Lockdown must do #2: be kind to yourself - Don’t Be So Hard On Yourself (Jess Glynne)




Continuing with part 2 of the five-part series on what my Cov 19 playlist has to say about thriving in tough times, I’m going to focus on three things: (1) being kind to yourself; (2) self-awareness and acceptance; and (3) taking control.

Imagine Jess Glynne jetting off on holiday. The plane has reached 10,000 feet when these lyrics come to her:

I'm standin' on top of the world, right where I wanna beSo how can this dark cloud keep raining over me?But hearts break and hell’s a place that everyone knowsSo don't be so hard on yourself, no Let's go back to simplicity, I feel like I've been missing me.

If Jess had read part 1 on perspective, she’d immediately remember that the sky’s still blue above that raincloud and she’ll see that when her view changes at 30,000 feet. But today is about her last couple of lines. The message in all aeroplane safety rituals is that only after our own oxygen mask is in place can we then help ourselves and others. Some of us need more reminding than others that it’s not selfish to make sure your needs haven’t gone missing.

Takeaways: What does putting on an oxygen mask look like for us, grounded and confined to our Cosy Prisons (a-ha)? Groundhog Day is a film I never tire of, but now we’re living it how do we handle an indeterminable number of Inbetween Days (The Cure)? Three things come up again and again in my coaching and working with people in crises. I’ve learnt how powerful these ideas are in my life, and when I’ve taken my eye off them things have got difficult. Hope some of these points help.

1: Be kind to yourself

I’ve met many more people who are naturally tough on themselves than kind to themselves. Sadly, the people who would benefit from being a bit kinder to themselves seem to be the least likely to do so. And the people who really could do with being a bit harder on themselves are the least likely to do so, until they end up in hot water and it may be too late.

Right now, what’s to be gained by having unrealistic expectations and being hard on yourself (or others) when they’re not met? My house is testing me on this at the moment. In the last two weeks, the lights have blown in the lounge, the cooker has gone on the blink, the printer’s stopped working and, as of Friday, the washing machine won’t drain. A judgemental thought crossed my mind that I’m failing on the domestic front. I chose not to engage with it. We all have that choice. We all have needs and limits, including not having to be busy all the time or to please everyone. So maybe put some boundaries in place from the starting point of having your oxygen mask well secured. I find doing at least one simple thing that’s 100% for me each day really helps – it could help you too. Today it was 10 mins of Just Dance 4 on the Wii. Just one witness, thankfully.

2. Know and accept yourself

I bet you’re brilliant and the people who know you best think so too. So play to your strengths and mitigate the things that aren’t working for you. If you’re not sure of your strengths, there are excellent online resources to help and maybe you have time to do them. I’ve found that getting the ‘must dos’ that sap my energy out of the way early gives me a warm glow all morning.

3. Take full control of yourself and your situation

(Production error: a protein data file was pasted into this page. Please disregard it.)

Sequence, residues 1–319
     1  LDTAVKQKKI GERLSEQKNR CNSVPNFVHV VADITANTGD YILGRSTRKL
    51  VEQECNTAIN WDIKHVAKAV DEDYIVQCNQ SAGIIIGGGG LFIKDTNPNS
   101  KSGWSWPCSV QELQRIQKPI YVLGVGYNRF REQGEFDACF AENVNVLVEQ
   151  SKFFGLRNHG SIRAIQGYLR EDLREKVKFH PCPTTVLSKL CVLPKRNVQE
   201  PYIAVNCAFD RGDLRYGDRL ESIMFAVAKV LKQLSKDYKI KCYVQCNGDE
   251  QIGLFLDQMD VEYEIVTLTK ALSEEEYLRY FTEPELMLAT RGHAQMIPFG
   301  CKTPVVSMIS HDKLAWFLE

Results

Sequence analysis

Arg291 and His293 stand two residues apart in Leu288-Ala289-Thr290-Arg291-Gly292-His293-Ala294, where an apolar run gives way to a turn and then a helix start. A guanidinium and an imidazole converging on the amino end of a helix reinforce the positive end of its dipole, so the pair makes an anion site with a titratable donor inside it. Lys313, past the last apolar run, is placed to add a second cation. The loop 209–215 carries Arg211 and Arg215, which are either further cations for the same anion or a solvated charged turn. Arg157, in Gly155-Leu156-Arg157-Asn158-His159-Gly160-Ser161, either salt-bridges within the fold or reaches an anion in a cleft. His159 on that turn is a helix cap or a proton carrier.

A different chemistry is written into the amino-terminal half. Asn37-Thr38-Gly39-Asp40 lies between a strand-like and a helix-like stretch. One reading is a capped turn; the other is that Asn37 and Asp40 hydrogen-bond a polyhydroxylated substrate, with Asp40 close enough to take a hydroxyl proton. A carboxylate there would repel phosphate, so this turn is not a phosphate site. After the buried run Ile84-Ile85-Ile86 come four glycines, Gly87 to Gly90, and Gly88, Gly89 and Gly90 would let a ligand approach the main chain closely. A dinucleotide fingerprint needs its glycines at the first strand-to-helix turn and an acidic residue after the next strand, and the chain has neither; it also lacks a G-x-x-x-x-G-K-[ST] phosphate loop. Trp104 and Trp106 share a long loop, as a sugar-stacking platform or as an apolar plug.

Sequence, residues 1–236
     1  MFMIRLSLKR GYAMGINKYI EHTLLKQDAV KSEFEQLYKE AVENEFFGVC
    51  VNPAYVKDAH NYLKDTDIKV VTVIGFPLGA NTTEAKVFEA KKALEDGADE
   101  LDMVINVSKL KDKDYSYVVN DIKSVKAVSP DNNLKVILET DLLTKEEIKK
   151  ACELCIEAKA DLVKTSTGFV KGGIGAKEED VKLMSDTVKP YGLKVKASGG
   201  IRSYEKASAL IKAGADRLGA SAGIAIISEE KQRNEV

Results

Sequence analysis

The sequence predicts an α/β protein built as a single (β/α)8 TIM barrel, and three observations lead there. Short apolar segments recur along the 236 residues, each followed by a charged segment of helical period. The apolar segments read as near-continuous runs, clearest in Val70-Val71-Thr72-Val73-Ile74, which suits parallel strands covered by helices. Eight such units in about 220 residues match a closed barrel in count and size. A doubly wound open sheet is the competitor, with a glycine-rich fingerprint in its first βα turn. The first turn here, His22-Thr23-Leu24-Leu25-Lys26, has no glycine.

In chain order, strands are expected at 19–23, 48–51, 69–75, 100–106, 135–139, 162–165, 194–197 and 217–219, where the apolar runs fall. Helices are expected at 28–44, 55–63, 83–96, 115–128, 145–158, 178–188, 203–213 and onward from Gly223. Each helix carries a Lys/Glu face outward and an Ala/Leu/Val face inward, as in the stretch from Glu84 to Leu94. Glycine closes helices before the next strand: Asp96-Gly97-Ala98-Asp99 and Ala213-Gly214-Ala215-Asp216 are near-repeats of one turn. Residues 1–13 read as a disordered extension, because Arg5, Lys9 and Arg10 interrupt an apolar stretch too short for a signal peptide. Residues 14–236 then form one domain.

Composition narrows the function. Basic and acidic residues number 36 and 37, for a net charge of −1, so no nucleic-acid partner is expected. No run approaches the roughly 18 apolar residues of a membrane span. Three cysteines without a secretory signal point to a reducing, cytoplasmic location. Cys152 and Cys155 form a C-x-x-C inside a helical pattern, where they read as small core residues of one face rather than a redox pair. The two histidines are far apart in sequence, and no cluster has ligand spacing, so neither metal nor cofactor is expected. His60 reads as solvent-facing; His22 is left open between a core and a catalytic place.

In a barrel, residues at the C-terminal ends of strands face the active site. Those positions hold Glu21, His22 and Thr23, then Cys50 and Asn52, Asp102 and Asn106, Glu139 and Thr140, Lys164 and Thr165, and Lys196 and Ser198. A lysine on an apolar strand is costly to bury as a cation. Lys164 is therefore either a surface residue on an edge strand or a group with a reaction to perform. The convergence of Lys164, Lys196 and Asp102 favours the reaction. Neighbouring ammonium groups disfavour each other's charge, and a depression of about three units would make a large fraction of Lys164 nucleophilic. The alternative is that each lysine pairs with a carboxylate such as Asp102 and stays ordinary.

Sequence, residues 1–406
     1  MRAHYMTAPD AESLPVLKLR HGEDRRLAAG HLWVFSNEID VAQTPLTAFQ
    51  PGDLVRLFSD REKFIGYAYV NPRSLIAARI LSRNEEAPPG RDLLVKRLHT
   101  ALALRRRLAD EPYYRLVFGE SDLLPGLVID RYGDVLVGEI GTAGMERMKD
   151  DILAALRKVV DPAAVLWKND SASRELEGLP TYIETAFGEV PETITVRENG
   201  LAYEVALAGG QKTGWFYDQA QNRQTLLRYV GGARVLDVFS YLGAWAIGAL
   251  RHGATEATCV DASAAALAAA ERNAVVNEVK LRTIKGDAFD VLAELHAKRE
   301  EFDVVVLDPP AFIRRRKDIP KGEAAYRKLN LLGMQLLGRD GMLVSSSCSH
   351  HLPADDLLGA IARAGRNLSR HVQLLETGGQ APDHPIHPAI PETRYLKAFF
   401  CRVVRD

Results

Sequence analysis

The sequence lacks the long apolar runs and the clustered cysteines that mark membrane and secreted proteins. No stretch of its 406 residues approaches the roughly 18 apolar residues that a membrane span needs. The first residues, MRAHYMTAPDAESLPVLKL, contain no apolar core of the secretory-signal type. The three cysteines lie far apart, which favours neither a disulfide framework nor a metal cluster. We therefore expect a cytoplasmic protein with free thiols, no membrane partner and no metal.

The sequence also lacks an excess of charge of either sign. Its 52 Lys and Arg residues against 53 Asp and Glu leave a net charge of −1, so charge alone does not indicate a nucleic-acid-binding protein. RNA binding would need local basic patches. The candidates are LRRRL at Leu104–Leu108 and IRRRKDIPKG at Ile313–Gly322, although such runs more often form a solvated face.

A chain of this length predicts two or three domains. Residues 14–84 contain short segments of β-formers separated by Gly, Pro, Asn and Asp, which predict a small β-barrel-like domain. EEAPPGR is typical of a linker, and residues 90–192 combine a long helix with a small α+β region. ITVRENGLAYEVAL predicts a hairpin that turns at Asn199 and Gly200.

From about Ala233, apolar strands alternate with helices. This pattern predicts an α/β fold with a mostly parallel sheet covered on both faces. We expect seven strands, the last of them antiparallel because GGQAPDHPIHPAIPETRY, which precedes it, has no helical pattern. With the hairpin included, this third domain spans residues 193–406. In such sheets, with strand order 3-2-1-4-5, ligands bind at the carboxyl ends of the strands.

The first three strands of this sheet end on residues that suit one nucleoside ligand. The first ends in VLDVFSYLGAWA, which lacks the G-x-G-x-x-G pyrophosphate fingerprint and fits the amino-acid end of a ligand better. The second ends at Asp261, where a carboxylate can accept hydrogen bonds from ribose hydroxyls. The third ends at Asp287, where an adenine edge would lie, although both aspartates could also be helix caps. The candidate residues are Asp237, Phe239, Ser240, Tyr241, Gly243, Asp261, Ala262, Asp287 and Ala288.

To me this means accepting 100% responsibility for my choices and for what I give attention to. My career has been as a problem solver, so I’ve always had lots of things I could worry about – how to respond to the credit crunch or some other crisis, how to address dishonest, harassing or bullying behaviour by someone protected by an adoring manager, how to increase engagement under the shadow of redundancy, how to respond to a belligerent or game-playing lawyer etc. It isn’t easy – especially if you’re at the receiving end of some appalling behaviour – but I’ve learnt that focusing on the here and now was key to sleeping well at night.

Right now, there are broadly two types of people – those dealing with Cov 19 illness in their direct circle and those who are anticipating that moment. If you’re not in the thick of it, then at this precise moment the problem isn’t right in your face. Maybe, at this instant, things are ok for you. For me, the more in the moment I can be the better able I am able to deal with the problems when I need to; worrying about them in advance doesn’t give me any more control over them, it just wears me out. And if you’re not flat out all the time, you may have a chance to think about the bigger questions that can be pushed to one side as we sleepwalk at pace through life. You could do worse than read the books below.

I’ve had the privilege of time with many people going through hard times. The quicker they get away from focusing on the past and move towards a plan based on a realistic assessment of the situation, the better. Rigid or circular thinking about how the world ought to be rarely helps in normal times, let alone now.

It also helps me to be careful about what information I take on board – there are an overwhelming number of sources of well-meaning but not helpful advice. Do you sleep better after a download of doom or a bath and chapter of a good book? I wouldn’t go quite as far as Morrissey’s ‘STOP WATCHING THE NEWS!’ advice, but it certainly helps me to narrow my inputs to a small number of reliable and non-catastrophising sources. Like the NHS and the tunes below for example.

As always, if this is helpful pass it on.

Other songs 

Come As You Are, Nirvana

I Believe In You, Kylie or Michael Buble, take your pick

Precious, Annie Lennox, for the parents

Spent The Day In Bed, Morrissey

Good books

The Heart of Success, Rob Parsons

The Soft Stuff, Matt Dean